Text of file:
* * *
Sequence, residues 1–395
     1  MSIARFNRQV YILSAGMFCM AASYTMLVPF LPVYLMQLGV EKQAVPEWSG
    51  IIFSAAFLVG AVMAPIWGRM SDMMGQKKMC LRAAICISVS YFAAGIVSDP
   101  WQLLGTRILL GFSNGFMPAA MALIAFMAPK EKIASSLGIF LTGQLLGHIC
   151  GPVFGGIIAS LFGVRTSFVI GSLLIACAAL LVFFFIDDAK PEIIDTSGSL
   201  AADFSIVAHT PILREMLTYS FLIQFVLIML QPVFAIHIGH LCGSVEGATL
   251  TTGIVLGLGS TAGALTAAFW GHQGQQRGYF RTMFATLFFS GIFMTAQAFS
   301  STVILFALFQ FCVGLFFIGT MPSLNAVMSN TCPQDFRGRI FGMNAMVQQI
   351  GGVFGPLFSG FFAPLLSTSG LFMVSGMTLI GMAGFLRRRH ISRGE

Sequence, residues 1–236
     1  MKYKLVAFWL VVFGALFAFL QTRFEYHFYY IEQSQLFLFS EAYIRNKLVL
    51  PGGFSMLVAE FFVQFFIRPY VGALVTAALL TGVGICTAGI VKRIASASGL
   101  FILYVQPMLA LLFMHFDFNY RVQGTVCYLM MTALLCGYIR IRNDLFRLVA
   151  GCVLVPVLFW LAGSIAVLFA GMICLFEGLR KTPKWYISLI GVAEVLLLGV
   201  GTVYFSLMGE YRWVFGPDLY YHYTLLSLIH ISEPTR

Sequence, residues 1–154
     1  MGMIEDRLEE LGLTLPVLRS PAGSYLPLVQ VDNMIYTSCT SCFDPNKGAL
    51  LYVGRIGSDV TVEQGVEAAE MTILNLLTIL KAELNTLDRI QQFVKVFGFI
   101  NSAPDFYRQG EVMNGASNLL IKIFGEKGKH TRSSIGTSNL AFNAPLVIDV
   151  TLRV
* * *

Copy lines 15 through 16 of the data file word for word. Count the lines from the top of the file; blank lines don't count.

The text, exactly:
   201  GTVYFSLMGE YRWVFGPDLY YHYTLLSLIH ISEPTR

Sequence, residues 1–154